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More facts on attorney fees

April 19, 2012 8:25 AM

Brian T. Fitzpatrick

It is true, as Mr. Frank notes, that courts generally award smaller fee percentages in bigger settlements, but, even still, the data do not support the conventional wisdom that the lawyers are making out with everything: the mean and median fee awards in class action settlements are only 25%, and the highest fee percentage awarded in any case over the two years in my study was 47%. Even 47%--which was an outlier by any measure--is far from everything.

Mr. Frank claims that these numbers are misleading, but I think his criticisms miss the mark. He says that my numbers are driven down by securities fraud settlements because courts tend to award lower percentages in those settlements; he suggests that the numbers are "much" higher in other areas. My study did show that percentages in securities cases are lower than the percentages in some of the other subject areas, but the percentages are not "much" different: as Tables 8 and 12 of my study show, the percentages in other areas are only two or three points higher. (Mr. Frank thinks that even this is perverse because he thinks securities fraud class actions are much more difficult to bring in light of their stricter pleading standards. But Mr. Frank forgets that it is much easier to certify a securities fraud class action than it is to certify most other class actions due, among other things, to the fraud-on-the-market presumption of reliance. Overall, I suspect it is actually less risky to bring a securities fraud class action.)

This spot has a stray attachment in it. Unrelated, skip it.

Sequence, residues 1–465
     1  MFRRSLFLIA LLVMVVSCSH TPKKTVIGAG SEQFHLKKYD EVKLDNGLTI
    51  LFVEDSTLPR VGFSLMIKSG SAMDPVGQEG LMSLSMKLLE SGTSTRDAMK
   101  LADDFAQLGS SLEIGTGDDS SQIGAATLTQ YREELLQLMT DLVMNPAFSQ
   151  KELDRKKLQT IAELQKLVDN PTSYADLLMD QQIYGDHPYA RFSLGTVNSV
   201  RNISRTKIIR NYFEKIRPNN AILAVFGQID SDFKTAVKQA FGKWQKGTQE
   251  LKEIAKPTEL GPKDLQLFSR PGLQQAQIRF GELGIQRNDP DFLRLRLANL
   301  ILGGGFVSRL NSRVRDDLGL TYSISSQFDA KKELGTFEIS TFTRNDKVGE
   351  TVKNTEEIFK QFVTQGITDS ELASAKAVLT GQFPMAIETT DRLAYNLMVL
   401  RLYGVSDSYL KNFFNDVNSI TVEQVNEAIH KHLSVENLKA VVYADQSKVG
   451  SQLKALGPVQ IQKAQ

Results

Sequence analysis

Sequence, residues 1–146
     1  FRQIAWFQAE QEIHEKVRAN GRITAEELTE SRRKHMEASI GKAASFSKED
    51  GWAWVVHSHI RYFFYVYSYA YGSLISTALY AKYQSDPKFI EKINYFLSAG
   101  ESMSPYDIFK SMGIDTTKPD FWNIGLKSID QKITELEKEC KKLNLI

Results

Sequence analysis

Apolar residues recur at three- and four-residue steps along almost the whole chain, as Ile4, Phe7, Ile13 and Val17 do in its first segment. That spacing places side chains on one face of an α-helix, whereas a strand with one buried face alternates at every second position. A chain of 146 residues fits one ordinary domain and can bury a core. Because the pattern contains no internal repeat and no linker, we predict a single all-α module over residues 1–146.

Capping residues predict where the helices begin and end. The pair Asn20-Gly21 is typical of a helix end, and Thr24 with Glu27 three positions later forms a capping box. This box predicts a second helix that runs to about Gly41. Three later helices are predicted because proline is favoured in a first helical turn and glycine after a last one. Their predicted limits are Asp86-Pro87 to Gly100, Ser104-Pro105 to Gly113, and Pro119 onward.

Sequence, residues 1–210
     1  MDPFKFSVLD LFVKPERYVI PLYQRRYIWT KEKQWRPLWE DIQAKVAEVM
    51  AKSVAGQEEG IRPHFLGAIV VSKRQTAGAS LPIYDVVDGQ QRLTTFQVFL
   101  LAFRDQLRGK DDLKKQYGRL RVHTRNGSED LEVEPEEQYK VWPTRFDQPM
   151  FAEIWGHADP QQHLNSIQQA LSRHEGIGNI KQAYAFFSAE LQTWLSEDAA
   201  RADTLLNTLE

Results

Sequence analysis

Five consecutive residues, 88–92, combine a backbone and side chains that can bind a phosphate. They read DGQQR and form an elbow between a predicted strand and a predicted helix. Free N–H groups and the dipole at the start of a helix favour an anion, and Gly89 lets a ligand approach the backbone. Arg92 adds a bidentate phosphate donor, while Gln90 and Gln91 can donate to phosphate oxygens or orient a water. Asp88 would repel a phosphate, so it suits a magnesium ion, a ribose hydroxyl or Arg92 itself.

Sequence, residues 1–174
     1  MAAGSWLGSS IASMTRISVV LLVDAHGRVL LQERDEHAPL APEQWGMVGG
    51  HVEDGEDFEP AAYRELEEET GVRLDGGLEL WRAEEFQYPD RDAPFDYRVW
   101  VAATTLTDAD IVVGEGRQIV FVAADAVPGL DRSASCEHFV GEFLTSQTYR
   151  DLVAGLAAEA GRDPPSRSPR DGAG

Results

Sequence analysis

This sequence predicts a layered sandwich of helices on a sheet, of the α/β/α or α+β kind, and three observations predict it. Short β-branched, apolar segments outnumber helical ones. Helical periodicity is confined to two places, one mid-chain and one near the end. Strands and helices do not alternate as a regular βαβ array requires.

Mr. Frank also claims that my numbers are misleading because they are based on exaggerated denominators: class action lawyers, he says, ask for a percentage of the value of the injunctive relief they win as well as the cash they recover, and the values they place on these injunctions are not real. Class action lawyers may ask for it, but my study did not give it to them: my study included valuations of injunctions in the denominator only when the valuations were by courts rather than lawyers (and this was not very often). All told, only 4% of the $33 billion denominator in my study comes from valuations of non-cash relief. Even if this amount is thrown out, the share taken by class action lawyers barely budges: it is still right around 15%.

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Rafael Mangual
Project Manager,
Legal Policy

Manhattan Institute

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